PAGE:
Antiphospholipid (Hughes') syndrome in African-Americans: IgA aCL and abeta2 glycoprotein-I is the most frequent isotype.

Abstract

Antiphospholipid (Hughes') syndrome (APS) has not been reported in African-Americans (A-A) as frequently as in other ethnic groups. We describe eight A-A female patients with APS, including two cases of primary APS (PAPS), four with APS secondary to systemic lupus erythematosus (SLE), one with Sjögren's syndrome, and one with overlap connective tissue disease (CTD). Their mean age was 34 y (range 24-47 y). Patients were followed for a mean of 6 y (range 0.3-11 y). During follow up, both anticardiolipin (aCL) and anti-beta2glycoprotein-I (abeta2GPI) antibodies were measured in stored sera by enzyme-linked immunosorbent assay (ELISA). IgA was the most frequent isotype of aCL and abeta2GPI, and co-occurred with the IgM isotype in three of four patients with neurologic manifestations.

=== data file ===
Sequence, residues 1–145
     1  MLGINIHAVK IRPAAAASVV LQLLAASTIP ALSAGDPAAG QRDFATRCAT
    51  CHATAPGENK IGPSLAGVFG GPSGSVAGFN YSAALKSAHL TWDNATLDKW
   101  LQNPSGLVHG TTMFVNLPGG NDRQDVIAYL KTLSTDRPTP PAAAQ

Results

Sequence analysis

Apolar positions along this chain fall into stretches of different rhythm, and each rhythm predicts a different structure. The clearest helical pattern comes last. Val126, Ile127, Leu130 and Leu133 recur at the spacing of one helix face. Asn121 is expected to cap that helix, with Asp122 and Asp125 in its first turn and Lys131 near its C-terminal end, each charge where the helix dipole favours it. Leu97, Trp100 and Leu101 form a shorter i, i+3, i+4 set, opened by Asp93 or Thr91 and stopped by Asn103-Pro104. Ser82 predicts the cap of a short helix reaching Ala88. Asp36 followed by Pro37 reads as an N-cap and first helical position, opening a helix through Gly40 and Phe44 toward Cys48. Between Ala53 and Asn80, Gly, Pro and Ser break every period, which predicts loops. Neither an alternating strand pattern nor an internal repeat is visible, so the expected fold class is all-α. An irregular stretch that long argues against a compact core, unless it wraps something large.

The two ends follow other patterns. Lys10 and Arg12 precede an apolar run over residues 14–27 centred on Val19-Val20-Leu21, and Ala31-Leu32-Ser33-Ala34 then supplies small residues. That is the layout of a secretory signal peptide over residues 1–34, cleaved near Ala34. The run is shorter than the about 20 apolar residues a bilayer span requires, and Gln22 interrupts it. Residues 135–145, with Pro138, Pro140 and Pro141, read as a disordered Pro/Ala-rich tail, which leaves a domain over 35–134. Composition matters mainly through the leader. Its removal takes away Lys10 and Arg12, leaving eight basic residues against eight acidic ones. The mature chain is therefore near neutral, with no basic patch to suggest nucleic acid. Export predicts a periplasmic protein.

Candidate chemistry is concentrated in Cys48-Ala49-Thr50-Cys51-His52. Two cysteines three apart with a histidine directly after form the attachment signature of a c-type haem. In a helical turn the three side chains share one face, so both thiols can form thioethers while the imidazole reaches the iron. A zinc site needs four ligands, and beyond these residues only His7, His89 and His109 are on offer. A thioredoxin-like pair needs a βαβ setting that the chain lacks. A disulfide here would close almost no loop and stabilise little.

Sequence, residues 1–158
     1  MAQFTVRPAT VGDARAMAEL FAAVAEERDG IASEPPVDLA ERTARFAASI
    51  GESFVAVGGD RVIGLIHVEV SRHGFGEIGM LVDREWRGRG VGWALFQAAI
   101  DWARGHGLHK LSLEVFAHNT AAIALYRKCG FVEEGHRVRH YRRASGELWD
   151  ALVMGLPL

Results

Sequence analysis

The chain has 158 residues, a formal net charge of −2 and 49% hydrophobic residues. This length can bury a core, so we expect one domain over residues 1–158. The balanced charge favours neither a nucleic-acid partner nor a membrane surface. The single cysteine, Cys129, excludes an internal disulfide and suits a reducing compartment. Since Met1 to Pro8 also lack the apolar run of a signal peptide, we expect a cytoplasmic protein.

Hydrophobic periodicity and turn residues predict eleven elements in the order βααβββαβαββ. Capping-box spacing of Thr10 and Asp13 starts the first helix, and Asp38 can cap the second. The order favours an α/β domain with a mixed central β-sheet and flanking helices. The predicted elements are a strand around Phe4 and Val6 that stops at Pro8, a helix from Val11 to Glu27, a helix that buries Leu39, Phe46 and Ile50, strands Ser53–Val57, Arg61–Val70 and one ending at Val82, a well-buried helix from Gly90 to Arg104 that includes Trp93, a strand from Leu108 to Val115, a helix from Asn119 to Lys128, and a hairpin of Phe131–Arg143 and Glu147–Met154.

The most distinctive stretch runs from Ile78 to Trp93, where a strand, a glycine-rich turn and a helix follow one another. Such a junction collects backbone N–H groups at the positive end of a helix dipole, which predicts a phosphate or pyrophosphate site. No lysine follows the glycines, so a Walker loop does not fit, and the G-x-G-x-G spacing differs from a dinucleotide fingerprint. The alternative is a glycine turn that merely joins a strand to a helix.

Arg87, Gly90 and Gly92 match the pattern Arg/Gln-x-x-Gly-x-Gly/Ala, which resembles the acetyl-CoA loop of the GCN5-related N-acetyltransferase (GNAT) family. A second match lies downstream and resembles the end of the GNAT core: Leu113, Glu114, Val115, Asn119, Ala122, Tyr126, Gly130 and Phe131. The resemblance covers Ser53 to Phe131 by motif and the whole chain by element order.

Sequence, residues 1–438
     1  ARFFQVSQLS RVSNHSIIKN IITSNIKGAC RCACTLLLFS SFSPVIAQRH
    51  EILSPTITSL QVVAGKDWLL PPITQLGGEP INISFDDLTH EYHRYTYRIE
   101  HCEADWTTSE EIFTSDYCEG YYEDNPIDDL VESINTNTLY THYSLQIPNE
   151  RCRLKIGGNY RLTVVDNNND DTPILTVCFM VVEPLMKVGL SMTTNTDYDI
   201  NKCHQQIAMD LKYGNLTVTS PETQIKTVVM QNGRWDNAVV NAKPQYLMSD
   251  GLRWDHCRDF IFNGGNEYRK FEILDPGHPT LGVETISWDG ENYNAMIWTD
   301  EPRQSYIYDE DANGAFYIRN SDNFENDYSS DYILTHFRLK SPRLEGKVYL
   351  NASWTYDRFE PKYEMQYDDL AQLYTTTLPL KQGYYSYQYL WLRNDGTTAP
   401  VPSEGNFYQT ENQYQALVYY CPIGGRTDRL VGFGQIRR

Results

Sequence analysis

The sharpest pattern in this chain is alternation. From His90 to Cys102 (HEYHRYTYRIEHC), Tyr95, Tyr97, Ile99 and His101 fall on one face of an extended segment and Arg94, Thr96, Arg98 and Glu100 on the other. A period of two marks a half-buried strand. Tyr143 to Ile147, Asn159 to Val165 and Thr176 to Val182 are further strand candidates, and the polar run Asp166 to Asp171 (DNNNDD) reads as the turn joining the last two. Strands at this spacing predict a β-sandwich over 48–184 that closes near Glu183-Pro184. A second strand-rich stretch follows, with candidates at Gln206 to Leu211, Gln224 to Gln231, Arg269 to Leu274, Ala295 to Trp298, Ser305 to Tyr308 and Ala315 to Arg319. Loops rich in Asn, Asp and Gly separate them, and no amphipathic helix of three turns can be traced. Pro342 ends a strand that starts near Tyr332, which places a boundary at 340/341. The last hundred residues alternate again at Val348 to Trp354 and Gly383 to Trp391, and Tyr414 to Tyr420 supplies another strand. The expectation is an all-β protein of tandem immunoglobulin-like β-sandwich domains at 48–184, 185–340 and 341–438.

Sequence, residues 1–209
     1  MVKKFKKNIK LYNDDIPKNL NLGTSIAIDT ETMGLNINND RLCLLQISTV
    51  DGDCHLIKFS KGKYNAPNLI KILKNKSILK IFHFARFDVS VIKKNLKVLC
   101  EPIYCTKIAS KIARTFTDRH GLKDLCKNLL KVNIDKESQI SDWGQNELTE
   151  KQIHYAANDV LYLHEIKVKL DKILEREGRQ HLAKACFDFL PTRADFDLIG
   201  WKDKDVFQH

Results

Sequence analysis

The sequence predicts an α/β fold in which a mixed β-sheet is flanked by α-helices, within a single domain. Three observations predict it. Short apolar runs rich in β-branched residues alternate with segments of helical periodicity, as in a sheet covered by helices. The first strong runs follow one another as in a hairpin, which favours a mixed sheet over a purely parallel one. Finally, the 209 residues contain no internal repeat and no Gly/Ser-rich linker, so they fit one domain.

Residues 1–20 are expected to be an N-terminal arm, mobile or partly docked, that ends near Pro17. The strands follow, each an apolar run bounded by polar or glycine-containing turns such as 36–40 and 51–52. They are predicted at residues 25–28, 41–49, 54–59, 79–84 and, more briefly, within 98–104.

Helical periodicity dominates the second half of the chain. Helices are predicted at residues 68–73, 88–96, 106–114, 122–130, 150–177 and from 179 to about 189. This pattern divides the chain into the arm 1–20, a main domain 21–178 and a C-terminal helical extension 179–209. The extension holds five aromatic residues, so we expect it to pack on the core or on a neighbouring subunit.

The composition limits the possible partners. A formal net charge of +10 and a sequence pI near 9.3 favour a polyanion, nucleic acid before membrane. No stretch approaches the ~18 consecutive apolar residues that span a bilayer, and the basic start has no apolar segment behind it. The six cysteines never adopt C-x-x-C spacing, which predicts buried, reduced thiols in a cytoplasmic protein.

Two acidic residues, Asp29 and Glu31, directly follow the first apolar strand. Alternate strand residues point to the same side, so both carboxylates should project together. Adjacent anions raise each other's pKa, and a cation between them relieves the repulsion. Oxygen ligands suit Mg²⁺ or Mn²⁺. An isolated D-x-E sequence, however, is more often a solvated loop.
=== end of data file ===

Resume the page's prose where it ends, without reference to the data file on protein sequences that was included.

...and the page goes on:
Cite this paper

@article{Diri1999AntiphospholipidS, title={Antiphospholipid (Hughes') syndrome in African-Americans: IgA aCL and abeta2 glycoprotein-I is the most frequent isotype.}, author={Erdal Diri and Elena Cucurull and Azzudin E. Gharavi and Dipali Malvankar Kapoor and E. Alvarado Mendez and Eve Scopelitis and Wilkie A. Wilson}, journal={Lupus}, year={1999}, volume={8 4}, pages={263-8} }